Hockey star Kendall Coyne: 'People don't respect the women's game as much as the men's game'

Kendall Coyne, left, led Team USA in shots on goal with 21 at the 2018 Pyeongchang Olympics. AP Photo/Claudio Bresciani

It's been a busy year for Kendall Coyne. In February, the 5-foot-2 forward collected two goals and an assist en route to the U.S. women's hockey team's first Olympic gold medal since 1998. On July 7, Coyne, a Chicago-area native, married fellow Sandburg High School graduate Michael Schofield, an offensive guard for the NFL's Los Angeles Chargers. And just last week, Coyne, 26, signed with the NWHL's Minnesota Whitecaps for the 2018-19 season.

In the meantime, Coyne has been the only woman playing in the Chicago Pro Hockey League, which features more than 80 professional players from the NHL, AHL and ECHL. The league plays for eight weeks at the MB Ice Arena, the new Chicago Blackhawks practice facility, and tickets are just $5, with a portion of sales going to charity. Notable players include the NHL's Jonathan Toews, Brandon Saad and Nick Schmaltz. And, of course, Coyne.

espnW spoke to Coyne to get her thoughts on playing with the men and how it, and Team USA's Olympic success, will impact women's hockey in the United States.

espnW: What made you want to play in the Chicago Pro Hockey League?

Kendall Coyne: It's a way to stay in shape in the summer, and it breaks up practicing every day and lets me play good, fast-paced games against great talent. To be able to play games at home in Chicago is pretty cool. My friends, family, and now my new family can watch me play, and so can so many young fans who weren't even born when I was playing hockey in Chicago in high school. Also, because hockey is a small community in Chicago, I have been on the ice with the majority of the guys in the league. We've all been playing in and around the rinks together for a long time.

espnW: What does it mean to have young girls see you play with and against the men?

KC: I have my own hockey camp and have worked with a lot of girls in the Chicagoland area, so it means the world to me to have them be able to finally see me play in person. I love to hear from them afterwards. They come up and say, "Good game," or "That was fun," or "You're so fast." I want the girls to see that, yes, I may be the only one out there with a ponytail, but the respect I get from the guys is the same respect I give to them. They don't view me differently. They don't view me as a PR stunt. They view me as Kendall, the player they've known their whole life. We're all just hockey players out there playing the game, and I hope the girls recognize that when they're watching.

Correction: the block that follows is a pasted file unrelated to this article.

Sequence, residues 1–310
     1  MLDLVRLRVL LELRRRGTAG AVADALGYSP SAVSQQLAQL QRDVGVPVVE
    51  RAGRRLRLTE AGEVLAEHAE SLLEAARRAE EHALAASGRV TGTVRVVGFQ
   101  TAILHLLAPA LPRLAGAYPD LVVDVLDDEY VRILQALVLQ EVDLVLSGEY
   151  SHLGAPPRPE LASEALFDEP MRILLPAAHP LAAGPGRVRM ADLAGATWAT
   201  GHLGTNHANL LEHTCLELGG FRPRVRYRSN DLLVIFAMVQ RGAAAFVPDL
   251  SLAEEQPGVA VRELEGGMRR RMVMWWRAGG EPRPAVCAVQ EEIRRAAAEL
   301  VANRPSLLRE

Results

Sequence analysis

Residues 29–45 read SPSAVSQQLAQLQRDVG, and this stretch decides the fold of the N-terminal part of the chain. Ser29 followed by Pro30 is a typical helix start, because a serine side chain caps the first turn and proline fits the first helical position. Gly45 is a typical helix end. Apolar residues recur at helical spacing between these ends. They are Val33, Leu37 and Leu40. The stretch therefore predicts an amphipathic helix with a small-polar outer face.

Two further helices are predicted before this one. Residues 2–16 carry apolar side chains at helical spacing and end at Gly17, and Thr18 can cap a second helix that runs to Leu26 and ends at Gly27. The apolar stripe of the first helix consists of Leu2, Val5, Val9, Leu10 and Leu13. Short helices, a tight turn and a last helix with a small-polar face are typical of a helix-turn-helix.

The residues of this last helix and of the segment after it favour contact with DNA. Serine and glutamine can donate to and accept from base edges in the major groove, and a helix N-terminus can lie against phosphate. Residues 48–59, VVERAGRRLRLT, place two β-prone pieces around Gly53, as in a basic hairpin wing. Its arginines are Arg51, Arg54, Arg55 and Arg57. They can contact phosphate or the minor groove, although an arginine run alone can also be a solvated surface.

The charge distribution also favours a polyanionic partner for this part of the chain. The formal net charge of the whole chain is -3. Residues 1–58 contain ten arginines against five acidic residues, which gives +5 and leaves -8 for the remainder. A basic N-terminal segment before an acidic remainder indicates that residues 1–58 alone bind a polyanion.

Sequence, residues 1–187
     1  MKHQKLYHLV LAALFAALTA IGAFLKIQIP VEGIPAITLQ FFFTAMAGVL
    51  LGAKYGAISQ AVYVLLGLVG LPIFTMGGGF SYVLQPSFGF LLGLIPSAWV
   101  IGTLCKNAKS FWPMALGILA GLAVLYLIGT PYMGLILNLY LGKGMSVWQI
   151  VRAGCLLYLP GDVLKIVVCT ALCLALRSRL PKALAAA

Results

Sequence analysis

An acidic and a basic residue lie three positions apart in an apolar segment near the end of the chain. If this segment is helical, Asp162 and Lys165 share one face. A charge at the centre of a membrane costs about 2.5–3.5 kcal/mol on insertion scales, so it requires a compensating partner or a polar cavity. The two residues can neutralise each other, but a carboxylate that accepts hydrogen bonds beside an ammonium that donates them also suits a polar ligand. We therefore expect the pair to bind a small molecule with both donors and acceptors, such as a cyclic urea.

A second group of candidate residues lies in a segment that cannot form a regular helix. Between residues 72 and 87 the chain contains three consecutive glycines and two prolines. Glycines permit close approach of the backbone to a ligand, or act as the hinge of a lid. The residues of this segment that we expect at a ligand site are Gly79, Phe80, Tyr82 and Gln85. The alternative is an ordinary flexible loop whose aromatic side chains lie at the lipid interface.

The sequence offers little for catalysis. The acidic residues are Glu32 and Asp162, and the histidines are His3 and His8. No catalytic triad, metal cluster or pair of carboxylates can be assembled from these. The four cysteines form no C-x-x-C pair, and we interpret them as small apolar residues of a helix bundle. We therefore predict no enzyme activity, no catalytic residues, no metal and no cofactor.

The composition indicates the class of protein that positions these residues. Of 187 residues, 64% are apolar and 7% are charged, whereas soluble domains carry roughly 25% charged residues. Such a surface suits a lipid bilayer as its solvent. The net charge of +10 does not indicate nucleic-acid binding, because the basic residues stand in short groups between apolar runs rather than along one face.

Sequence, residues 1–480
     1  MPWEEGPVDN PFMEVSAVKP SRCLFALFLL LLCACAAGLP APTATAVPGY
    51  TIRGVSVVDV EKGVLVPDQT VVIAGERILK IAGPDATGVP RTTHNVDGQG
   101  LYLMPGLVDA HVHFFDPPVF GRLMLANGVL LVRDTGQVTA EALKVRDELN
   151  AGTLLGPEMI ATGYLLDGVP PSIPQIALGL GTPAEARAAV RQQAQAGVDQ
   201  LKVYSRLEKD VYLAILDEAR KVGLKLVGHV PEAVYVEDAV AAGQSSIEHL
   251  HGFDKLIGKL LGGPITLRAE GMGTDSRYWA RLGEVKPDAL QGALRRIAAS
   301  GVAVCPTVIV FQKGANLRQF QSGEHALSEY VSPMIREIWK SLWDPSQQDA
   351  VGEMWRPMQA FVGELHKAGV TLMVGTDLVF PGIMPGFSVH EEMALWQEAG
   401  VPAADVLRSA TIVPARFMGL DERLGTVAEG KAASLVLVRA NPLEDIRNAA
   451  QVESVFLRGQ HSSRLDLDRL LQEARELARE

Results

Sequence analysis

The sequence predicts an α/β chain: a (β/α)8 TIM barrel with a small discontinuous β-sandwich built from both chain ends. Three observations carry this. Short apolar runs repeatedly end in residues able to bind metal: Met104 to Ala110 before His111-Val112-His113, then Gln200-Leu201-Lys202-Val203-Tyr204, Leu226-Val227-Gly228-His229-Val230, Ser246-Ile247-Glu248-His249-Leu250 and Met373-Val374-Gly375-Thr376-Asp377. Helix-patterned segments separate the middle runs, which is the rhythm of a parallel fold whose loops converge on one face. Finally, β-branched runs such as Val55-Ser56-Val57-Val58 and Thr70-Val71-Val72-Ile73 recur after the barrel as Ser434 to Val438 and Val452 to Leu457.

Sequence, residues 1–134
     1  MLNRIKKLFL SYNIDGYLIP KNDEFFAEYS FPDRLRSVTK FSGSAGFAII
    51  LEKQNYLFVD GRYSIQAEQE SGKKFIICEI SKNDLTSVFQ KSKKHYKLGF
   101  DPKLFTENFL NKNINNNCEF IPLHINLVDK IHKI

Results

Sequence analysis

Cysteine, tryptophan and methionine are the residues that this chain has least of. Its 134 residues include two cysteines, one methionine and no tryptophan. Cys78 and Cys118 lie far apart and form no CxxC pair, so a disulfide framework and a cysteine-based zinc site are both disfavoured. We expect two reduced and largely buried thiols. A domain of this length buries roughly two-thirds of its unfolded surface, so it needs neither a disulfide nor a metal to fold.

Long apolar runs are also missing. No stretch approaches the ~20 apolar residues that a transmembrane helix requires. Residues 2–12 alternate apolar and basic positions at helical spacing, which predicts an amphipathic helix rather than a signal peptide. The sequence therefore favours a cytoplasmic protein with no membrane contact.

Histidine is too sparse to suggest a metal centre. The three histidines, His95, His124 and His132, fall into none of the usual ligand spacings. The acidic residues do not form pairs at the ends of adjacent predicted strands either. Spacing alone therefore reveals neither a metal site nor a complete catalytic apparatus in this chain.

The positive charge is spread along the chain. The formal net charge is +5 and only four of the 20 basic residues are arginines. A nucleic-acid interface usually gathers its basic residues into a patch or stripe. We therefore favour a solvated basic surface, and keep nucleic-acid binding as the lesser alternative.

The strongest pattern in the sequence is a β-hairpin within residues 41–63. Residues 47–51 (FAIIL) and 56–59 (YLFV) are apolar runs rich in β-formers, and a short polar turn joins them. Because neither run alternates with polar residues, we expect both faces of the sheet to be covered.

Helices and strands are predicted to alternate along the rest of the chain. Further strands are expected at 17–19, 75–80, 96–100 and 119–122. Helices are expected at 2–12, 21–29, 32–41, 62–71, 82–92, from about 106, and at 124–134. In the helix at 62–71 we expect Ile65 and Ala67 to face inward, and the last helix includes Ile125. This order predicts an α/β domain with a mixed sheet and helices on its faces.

espnW: You are only 5-2. Is your size a factor?

KC: Yes, the guys are bigger than I am, but as long as you don't make it a factor, it's not a factor. It's more of a shock for some of them because they're not used to skating with women, especially one who is only 5-2, where I am very used to skating with men. I do wear a helmet with a cage mask though, while most of them do not.

espnW: How much do you think Team USA's gold medal in South Korea helped women's hockey as a sport in this country?

KC: I would say it had a huge impact on women's and girls' hockey in the United States. I've been around so many rinks and I've heard so many girls say they watched our games and they want to play hockey and go to the Olympics. It's incredible, because that was so many of us 20 years ago after we saw the 1998 women's team win that first gold medal. That was when I told my parents I wanted to go to the Olympics. So to see and feel that impact on kids immediately after Pyeongchang is amazing and drives me every day to be the best role model I can be for kids.

espnW: You've fought for equality for women's hockey. How do you think playing with the men in the Chicago Pro Hockey League this summer helps that cause?

KC: I think part of the problem is that people don't respect the women's game as much as the men's game. Me being out there with the men shows our game is just as good as the men's game and shows that a woman can do what a man can do. We're all hockey players. Not a women's hockey player or a men's hockey player, just a hockey player, and that's what playing in the Chicago Pro Hockey League embodies for all the young kids watching.

espnW: One of your biggest goals is to continue to fight for a unified women's pro league. Why is that so important to you?

KC: The next step for women's hockey is to have a league similar to the WNBA, and we'd like it to be under the direction of the National Hockey League. We need that as players and we are going to continue to fight. We hope that dream comes to fruition one day, but it is going to take the CWHL and the NWHL to come together and let the NHL take over their leagues. The players are really passionate about it. It would be unbelievable to see something sustainable where we can make a living playing this game and fans can come out and watch us play. I hope someday there is a team in Chicago.